Fans of paranormal comics take note: Dylan Dog is required reading. While thumbing through The Dylan Dog Case Files it isn’t difficult to compare the central character with John Constantine. While both offer their services to people as a paranormal investigator, the similarities end there. Dylan Dog, a former Scotland Yard detective turned Nightmare Investigator, is less cynical than his counterpart, plays clarinet to help him think, suffers under the corny and cheesy jokes of his partner (a Groucho Marx impersonator), and is a romantic. Dylan Dog is the creation of Tiziano Sclavi and has become hugely popular within Italy. Only recently has the work been translated into English thanks to Dark Horse, introducing new readers to a comic that has become a household name in its native country.
The Dylan Dog Case Files is a collection of seven short stories written by Sclavi that feature our hero tracking down monsters, but only some are truly supernatural. In “Dawn of the Living Dead,” Dylan Dog helps out a client who has been attacked by the undead corpse of her husband. “Johnny Freak” is a sad tale about a savant who has been forced to live under squalid conditions, “Memoirs from the Invisible World” is a Jack the Ripper-style thriller that just happens to involve an invisible man and “Return of the Monster” pits Dylan against a terrifying man who butchered a woman’s entire family. “Morgana” and “After Midnight” are considerably more surreal than the stories in this collection as Dylan finds himself the unwitting participant in someone’s comic book and a midnight stroll in London becomes a bizarre wild ride involving ghosts, zombies and memories of his past. The final story in the anthology, “Zed” sees Dylan transported to a strange realm filled with terrifying creatures.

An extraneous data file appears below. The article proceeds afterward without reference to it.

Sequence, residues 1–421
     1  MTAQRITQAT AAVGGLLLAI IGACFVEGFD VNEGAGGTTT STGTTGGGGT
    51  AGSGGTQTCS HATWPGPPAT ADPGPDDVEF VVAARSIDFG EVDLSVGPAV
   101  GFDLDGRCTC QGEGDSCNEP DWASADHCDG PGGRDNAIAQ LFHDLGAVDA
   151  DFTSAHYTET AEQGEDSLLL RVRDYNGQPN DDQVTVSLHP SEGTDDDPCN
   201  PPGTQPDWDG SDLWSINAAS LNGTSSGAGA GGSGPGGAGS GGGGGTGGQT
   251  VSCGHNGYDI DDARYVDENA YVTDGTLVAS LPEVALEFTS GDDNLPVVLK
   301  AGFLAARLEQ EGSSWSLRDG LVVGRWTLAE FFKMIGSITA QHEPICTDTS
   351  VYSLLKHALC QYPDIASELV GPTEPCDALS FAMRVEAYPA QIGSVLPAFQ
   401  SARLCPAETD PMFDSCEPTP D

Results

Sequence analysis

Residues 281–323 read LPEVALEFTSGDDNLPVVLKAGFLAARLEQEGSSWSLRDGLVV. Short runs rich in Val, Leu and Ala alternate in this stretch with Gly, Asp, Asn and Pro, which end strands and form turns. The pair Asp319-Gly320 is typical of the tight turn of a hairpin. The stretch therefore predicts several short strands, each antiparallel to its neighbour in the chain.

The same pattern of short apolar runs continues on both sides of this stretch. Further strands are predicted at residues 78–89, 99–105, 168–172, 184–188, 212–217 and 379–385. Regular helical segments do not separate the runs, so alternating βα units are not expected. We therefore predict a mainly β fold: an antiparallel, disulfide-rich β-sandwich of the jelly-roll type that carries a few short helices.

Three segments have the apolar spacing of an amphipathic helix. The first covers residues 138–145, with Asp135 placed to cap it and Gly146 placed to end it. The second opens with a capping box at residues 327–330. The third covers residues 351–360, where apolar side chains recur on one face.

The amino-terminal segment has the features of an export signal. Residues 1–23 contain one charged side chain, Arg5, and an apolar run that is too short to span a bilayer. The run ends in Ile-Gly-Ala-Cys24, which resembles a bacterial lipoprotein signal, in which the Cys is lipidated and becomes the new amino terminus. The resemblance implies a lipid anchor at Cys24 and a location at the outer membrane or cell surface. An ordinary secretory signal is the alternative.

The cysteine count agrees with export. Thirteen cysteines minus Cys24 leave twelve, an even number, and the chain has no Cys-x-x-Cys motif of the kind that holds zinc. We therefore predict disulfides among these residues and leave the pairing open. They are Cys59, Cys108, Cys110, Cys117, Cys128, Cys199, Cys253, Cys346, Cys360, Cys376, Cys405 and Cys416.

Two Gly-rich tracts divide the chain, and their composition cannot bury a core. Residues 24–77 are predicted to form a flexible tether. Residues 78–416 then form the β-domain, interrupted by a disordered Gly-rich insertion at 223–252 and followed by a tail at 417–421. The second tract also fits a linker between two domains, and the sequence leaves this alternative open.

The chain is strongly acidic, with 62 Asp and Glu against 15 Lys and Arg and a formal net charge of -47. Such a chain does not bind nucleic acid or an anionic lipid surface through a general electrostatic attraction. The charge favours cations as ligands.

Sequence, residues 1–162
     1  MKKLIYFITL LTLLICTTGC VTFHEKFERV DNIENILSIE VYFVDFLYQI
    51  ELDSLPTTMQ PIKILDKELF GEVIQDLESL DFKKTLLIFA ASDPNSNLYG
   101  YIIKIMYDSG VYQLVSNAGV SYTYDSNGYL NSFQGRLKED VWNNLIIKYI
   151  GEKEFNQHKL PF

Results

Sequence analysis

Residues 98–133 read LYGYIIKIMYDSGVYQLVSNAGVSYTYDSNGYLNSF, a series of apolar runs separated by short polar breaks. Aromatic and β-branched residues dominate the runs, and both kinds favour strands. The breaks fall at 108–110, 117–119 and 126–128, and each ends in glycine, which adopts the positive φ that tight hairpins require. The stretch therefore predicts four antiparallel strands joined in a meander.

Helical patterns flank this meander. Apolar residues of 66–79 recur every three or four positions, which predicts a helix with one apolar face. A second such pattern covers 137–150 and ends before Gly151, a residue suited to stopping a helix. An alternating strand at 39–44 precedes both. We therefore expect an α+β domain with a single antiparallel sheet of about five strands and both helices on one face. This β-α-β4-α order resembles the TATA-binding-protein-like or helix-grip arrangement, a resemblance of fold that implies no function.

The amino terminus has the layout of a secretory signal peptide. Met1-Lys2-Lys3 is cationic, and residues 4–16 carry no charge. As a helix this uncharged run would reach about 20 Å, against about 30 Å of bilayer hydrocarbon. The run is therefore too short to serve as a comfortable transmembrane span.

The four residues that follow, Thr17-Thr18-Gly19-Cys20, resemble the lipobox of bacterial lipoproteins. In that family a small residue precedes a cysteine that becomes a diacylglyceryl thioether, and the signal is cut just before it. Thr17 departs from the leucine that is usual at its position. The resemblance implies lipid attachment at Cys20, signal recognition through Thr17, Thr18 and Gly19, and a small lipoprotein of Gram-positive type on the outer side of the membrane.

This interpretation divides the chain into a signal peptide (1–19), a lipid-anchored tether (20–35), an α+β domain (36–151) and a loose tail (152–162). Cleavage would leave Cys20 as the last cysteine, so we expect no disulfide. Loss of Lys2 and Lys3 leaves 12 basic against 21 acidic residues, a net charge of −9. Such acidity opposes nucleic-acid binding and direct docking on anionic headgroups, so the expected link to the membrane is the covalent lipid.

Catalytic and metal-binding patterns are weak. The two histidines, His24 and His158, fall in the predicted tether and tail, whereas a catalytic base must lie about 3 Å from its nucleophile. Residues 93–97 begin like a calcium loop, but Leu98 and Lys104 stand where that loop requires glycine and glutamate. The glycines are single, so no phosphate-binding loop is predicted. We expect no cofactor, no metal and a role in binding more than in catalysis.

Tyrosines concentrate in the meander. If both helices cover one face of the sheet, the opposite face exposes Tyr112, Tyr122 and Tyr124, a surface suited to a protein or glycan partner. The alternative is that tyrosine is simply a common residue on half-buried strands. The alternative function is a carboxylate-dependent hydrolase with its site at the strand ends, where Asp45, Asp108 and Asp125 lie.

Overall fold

If you enjoy the works of Mike Mignola, Dylan Dog is worth reading. Scalvi’s scripts are engaging and entertaining as the mysteries often lead to powerful climaxes and resolutions. Some stories are better than most, but I say that not to suggest that they are poorly written just more powerful than others. Complimenting Scalvi’s well written script is a small cabal of illustrators who offer their own individual artistic flairs, and yet the artwork is surprisingly consistent between each story. The illustrators do not shy away from violence, yet the content is hardly a gore fest. Scenes include women being brutally stabbed to death, dogs being hurt by a pack of no-good punks, and helpless citizens eaten by zombies. Although somewhat intense, other comics have presented much worse than what’s on display here. There are several instances of nudity, but they are quite sparse, and there is no strong sexual content.
It is difficult not to find yourself absorbed in the adventures of Dylan Dog and his comical cohort as they contend with the evils London has to offer. Unfortunately, the seven stories found in this collection are the only Dylan Dog titles that have been localized and it is my hope that Dark Horse is willing to send a few more our way.